Robert De Niro and Drew Barrymore star in ’Everybody’s Fine,’ a film exploring the relationships between a recently widowed father and his estranged children.ap photo
Some films seem natural and effortless.
Others, like “Everybody’s Fine,” must go through all sorts of gyrations and machinations to make any sense.
Based on a similarly-titled 1990 Italian drama starring Marcello Mastroianni, this borderline weeper from Kirk Jones (“Waking Ned Devine,” “Nanny McPhee”) stars Robert De Niro as Frank, a blue-collar retiree in upstate New York. A recent widower, Frank is looking forward to having his four children home for a reunion.
But one by one they cancel. Despite health problems, Frank decides to hit the road. He’ll pay surprise visits to his offspring.
His first stop doesn’t pan out. Artist son David is AWOL from his NYC apartment. Apparently he’s out of town.
In Chicago, daughter Amy (Kate Beckinsale) runs an ad agency and is struggling with some unspecified marital crisis. There’s lots of tension in the household, especially between Amy’s husband and middle-school son.
In Denver, Frank discovers that son Robert (Sam Rockwell) isn’t an orchestral conductor after all. Rather, Robert is a somewhat sad underachiever content to bang away in the percussion section.
In Las Vegas, daughter Rosie (Drew Barrymore) is a dancer between gigs and minding a friend’s baby.
None of the kids seems particularly glad to see Frank, and they all make a point of sending him off after just one night of frosty hospitality.
“Everybody’s Fine” is a mystery of sorts. Occasionally we intercept telephone conversations among Amy, Robert and Rosie. The topic is the missing David, who seems to have gotten into some sort of dire trouble in Mexico. They all agree to keep their father in the dark.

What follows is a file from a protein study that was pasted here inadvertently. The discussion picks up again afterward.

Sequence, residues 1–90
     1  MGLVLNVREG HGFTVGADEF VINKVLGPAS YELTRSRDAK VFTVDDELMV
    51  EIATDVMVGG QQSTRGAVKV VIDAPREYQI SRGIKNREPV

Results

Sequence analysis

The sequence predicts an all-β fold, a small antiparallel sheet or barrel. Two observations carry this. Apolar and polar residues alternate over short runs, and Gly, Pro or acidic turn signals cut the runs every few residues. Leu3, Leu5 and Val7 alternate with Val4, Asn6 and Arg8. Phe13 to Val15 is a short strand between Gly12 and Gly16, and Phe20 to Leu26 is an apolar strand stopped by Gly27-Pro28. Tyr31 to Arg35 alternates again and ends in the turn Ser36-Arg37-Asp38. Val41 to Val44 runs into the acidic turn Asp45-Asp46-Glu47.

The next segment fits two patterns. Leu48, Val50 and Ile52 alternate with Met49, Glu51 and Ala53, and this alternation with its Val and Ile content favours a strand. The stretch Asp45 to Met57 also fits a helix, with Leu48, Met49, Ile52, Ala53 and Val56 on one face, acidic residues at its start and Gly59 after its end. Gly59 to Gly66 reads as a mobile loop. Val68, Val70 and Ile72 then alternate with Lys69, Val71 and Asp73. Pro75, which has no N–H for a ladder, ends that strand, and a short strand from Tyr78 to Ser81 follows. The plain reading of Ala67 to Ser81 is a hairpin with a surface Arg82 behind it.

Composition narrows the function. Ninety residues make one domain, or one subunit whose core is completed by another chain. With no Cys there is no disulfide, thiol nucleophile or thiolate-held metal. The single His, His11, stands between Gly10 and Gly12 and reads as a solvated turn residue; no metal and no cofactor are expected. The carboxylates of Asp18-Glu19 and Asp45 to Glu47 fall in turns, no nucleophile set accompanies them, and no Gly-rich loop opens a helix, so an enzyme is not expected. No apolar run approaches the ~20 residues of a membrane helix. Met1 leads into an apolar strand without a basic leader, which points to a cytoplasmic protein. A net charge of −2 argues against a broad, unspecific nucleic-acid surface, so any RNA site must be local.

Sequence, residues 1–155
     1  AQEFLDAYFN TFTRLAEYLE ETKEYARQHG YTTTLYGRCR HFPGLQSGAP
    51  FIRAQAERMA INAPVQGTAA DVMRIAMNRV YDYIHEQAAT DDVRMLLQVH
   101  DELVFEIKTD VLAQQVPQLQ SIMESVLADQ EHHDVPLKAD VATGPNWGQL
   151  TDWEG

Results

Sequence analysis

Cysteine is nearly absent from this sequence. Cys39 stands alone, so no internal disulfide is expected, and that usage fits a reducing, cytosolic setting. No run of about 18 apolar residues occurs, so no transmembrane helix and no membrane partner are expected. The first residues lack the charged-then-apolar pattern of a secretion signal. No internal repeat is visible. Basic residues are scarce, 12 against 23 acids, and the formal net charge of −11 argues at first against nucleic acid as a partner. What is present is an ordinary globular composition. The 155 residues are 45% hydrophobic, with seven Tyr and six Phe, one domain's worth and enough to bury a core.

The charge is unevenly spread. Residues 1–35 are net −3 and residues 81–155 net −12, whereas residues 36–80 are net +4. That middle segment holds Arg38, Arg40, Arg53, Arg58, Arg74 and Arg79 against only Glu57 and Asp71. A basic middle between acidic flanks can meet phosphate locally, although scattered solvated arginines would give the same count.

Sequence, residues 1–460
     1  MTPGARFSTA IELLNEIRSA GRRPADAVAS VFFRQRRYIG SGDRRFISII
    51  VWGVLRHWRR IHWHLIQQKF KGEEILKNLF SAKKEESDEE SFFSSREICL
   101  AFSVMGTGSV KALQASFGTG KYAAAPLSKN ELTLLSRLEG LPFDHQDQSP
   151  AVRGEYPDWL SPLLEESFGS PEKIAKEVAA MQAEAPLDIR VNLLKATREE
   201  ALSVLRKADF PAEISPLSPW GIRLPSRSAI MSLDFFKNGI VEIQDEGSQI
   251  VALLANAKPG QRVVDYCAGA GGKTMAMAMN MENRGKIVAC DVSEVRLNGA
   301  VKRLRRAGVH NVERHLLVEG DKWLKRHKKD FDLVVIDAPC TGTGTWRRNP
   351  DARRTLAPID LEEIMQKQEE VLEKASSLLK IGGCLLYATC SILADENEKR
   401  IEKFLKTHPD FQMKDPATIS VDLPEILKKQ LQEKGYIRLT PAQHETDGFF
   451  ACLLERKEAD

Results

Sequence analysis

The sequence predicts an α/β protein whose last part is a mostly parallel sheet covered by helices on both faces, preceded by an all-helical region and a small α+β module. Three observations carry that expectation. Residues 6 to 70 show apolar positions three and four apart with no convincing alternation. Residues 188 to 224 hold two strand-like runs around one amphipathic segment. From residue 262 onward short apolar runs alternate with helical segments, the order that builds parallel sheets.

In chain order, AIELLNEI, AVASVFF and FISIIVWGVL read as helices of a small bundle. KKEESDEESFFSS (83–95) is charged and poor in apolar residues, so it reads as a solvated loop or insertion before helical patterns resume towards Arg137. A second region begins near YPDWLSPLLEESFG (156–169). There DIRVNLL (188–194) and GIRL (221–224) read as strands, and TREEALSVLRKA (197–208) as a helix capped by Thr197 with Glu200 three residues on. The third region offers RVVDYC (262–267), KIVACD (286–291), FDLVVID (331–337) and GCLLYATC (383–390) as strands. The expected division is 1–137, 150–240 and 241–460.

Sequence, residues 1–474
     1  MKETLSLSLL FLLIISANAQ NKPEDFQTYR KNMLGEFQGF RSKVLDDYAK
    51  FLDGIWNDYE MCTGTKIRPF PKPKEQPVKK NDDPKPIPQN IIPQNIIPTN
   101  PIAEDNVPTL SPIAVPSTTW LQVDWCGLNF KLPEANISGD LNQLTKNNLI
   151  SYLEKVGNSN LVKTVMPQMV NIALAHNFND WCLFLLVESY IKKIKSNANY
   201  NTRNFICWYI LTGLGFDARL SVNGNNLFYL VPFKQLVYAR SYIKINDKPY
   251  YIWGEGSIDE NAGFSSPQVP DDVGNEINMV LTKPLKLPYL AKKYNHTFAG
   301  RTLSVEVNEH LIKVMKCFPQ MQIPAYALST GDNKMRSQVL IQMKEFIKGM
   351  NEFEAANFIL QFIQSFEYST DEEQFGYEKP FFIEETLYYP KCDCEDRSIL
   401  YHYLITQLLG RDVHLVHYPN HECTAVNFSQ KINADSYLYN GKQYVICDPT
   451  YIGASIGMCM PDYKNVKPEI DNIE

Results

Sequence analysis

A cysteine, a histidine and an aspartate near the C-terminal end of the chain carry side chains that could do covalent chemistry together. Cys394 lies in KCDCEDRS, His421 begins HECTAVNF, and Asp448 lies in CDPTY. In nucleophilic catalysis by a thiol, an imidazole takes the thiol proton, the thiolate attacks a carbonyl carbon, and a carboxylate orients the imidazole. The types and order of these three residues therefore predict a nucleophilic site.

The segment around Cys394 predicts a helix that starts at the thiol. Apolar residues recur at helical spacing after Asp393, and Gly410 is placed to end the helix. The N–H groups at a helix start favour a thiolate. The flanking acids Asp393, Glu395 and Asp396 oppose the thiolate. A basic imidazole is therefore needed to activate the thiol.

De Niro is, of course, among our best actors, but even he can’t precisely pin down Frank’s character. We learn later on that Frank may have been a hard dad, one whose tough love was particularly rough on the missing David. But there’s little of that gruffness in the Frank we now see, a fellow who strikes up conversations with strangers and plays around with his grandson.
In rewriting the original Italian screenplay, Jones has wisely injected droll moments, which give the proceedings a more lived-in, less artificial atmosphere. And a scene of reconciliation effectively tugs at the heartstrings.
But you can’t shake the feeling that “Everybody’s Fine” is based on a phony premise made tolerable only by the efforts of a strong cast.
What: “Everybody’s Fine”
Starring: Robert De Niro, Kate Beckinsale, Drew Barrymore, Sam Rockwell
Directed by: Kirk Jones
Running time: 95 minutes
Rated: PG-13 for thematic elements and brief strong language